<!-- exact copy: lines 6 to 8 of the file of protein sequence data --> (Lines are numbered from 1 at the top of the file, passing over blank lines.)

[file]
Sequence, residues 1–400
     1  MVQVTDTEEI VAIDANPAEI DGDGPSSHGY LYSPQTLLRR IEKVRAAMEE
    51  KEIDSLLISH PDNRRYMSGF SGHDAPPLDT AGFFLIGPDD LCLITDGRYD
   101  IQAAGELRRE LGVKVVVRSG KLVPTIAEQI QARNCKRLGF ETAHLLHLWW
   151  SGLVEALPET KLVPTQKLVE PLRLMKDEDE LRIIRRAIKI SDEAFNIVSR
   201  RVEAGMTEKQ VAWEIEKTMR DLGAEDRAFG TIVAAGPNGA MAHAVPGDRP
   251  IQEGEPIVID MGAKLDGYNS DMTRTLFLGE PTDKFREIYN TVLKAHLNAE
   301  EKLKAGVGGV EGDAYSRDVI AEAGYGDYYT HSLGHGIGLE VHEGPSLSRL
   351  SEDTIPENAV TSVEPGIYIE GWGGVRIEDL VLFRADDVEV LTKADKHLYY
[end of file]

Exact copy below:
   201  RVEAGMTEKQ VAWEIEKTMR DLGAEDRAFG TIVAAGPNGA MAHAVPGDRP
   251  IQEGEPIVID MGAKLDGYNS DMTRTLFLGE PTDKFREIYN TVLKAHLNAE
   301  EKLKAGVGGV EGDAYSRDVI AEAGYGDYYT HSLGHGIGLE VHEGPSLSRL